As an underdeveloped e-commerce market, Russia has captured the attention of major e-retailers like Amazon.com Inc. (NASDAQ:AMZN), eBay Inc. (NASDAQ:EBAY) and China’s Alibaba Group Holding Limited, the Wall Street Journal reported Wednesday.
Certain aspects of Russian e-commerce are worth noting for investors, companies and interested spectators.
For instance, luxury goods, children’s clothing and rare or expensive lifestyle items are in high demand, according to e-commerce strategist Michael DeSimone, who runs the e-commerce platform Borderfree.
“Demand is concentrated in the main cities of Moscow and St. Petersburg, but there is growing demand in Russia’s millennial cities [1 million+ people],” he wrote in an email to International Business Times on Wednesday.
Those cities include Novosibirsk (about 1.5 million people) and Yekaterinburg (1.4 million people), according to an earlier presentation DeSimone gave in July. Russia is among Borderfree’s top five markets for its major U.S. retail clients, who pay Borderfree to help them sell products overseas. Russia counts as Borderfree’s best emerging market in sales volume and yearly growth.
But low Internet penetration, of about 50 percent among adults, could be one hurdle. The low penetration might not seem that low, though, considering the large absolute mass Internet users, measured by Borderfree at about 61 million monthly users aged 18 and over.
Another unfamiliarity for non-Russian companies might be the most popular local search engines and social media sites. Yandex, not Google Inc. (NASDAQ:GOOG), is by far the most popular search engine, and the country’s top Internet destination, set as a homepage for more than 40 percent of Russian browsers.
Similarly, key social media channels include Vkontakte and Odnoklassniki, not just the Twitter Inc. (NYSE:TWTR) and Pinterests of the world. One quirky site is shophelp.ru, a forum about shipping and shopping, aimed at "shopaholics."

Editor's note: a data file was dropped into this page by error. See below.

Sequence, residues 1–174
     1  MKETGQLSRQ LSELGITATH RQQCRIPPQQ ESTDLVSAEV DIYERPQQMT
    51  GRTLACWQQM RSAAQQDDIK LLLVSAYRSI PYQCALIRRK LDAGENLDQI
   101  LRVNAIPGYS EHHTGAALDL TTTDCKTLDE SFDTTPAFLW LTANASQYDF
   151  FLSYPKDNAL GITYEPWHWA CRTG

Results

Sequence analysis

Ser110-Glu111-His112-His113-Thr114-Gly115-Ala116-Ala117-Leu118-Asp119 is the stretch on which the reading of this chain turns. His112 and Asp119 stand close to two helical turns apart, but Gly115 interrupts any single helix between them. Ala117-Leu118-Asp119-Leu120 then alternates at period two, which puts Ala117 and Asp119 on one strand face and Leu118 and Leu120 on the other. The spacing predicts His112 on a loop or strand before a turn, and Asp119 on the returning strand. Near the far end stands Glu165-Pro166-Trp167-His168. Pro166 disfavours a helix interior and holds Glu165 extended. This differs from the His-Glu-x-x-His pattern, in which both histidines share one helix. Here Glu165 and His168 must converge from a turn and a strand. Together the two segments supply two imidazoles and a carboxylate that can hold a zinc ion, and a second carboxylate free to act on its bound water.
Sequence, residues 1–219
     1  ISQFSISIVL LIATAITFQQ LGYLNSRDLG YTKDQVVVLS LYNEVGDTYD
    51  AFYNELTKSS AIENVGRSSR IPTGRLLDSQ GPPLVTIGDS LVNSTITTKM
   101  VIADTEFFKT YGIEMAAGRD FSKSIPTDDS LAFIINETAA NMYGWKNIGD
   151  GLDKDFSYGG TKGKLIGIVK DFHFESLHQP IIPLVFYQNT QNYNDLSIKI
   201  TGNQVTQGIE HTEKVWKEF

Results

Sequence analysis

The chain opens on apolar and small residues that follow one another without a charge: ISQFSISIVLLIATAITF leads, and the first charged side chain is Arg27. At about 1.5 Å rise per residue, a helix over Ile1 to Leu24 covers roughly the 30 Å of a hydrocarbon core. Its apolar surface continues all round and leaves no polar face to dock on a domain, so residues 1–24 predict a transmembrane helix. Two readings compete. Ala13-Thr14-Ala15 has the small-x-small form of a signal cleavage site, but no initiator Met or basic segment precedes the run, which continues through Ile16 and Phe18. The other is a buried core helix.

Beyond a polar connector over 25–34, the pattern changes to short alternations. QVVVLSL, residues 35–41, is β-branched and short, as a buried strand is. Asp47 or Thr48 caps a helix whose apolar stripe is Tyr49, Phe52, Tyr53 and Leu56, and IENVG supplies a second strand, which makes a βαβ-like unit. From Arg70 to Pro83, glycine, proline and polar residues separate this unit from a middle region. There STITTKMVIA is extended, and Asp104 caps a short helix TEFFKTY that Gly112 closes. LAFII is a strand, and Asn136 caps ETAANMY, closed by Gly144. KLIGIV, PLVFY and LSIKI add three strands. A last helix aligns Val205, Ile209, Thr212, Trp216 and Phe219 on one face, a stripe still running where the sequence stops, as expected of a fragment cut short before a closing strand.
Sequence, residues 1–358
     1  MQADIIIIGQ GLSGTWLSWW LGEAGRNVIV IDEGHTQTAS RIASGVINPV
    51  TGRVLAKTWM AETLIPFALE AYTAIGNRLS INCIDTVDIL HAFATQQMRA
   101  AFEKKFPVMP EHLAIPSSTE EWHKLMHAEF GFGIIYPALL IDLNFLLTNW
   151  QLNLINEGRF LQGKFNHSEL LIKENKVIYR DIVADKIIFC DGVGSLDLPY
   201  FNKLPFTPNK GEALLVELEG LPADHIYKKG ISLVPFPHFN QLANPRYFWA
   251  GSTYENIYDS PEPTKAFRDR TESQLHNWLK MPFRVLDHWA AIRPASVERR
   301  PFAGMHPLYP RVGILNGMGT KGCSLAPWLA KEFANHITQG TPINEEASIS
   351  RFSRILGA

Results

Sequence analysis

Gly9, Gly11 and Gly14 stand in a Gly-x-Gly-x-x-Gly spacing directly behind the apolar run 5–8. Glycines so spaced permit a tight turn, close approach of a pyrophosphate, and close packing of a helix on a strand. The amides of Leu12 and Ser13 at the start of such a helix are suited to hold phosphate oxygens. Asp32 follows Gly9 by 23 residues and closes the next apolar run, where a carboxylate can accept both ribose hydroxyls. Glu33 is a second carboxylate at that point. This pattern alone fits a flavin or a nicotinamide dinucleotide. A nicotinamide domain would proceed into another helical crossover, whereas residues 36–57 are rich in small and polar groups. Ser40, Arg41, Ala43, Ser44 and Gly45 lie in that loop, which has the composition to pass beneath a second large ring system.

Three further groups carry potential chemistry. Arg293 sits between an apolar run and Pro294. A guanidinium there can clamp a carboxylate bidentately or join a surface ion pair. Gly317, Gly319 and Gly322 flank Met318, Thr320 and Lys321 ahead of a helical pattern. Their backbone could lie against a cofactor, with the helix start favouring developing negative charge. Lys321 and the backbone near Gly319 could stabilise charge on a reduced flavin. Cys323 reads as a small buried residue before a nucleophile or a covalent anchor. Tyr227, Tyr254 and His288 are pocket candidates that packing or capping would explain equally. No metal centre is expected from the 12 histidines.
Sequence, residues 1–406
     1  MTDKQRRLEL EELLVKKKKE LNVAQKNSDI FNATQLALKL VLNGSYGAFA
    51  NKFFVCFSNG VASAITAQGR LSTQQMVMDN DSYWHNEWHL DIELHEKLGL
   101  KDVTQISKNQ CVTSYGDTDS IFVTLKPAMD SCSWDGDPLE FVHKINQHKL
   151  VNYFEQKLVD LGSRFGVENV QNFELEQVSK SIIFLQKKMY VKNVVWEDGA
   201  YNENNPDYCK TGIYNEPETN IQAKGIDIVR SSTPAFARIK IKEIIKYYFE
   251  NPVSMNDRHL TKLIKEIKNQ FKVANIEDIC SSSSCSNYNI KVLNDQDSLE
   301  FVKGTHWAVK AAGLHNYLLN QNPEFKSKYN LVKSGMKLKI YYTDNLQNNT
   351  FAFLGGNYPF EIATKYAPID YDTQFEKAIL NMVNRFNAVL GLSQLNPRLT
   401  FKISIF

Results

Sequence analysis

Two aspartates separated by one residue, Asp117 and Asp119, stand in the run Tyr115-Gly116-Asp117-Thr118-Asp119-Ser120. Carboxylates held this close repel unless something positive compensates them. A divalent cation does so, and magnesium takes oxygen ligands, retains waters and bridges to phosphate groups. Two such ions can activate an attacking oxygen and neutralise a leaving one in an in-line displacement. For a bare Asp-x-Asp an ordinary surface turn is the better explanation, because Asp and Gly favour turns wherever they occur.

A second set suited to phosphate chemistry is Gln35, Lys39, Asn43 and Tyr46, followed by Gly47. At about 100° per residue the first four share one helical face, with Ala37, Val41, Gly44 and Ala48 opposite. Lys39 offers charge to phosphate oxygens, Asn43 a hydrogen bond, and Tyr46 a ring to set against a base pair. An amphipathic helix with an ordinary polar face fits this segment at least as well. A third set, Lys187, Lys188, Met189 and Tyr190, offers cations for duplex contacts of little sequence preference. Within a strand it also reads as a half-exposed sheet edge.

Besides e-commerce giants like Amazon, smaller e-retailers are hoping to crack the Russian market, where they’ve seen promising revenues already.
California-based fashion e-retailer Modnique will launch its first non-U.S.-tailored website in Russia next week, after more than doubling revenue and site visits from Russia and the Ukraine in its latest quarter.
“We recognized earlier this year that we had a very big opportunity in Russia,” said company CEO Einaras Gravrock to IBTimes on Wednesday. “Traffic and sales from that region started mushrooming very quickly, despite us having no real, specialized supply chain over in Russia, no translations, no local payments.”
“It just blew up for us, so naturally we chose it as our first region,” he continued. Russia will probably account for 10 percent of company sales by year-end, he said.
In late June, Internet market researcher e-marketer pegged Russia’s e-commerce sales at $17.5 billion for 2013, up 21 percent from last year and expanding faster than any other country.
In 2012, Russians spent more than $700 million in cross-border sales, according to Borderfree. Top-selling foreign brands there include Yves Saint Laurent, Jimmy Choo and Prada.
Many Russian consumers are suspicious of credit card and online payments, too. So payment methods are another serious consideration for companies, said DeSimone.
About three-quarters of all sales by Ozon Group, Russia’s answer to Amazon, are paid for with cash, according to the Journal.
“Russians as a population have always been very tech-savvy, but somehow…none of the big foreign companies have really focused on Russia,” said Gravrock, who employs 300 people globally and who has already sent a handful of staffers to Russia.
Gravrock reckons, however, that it could take until 2020 before cash-on-delivery payments become less predominant.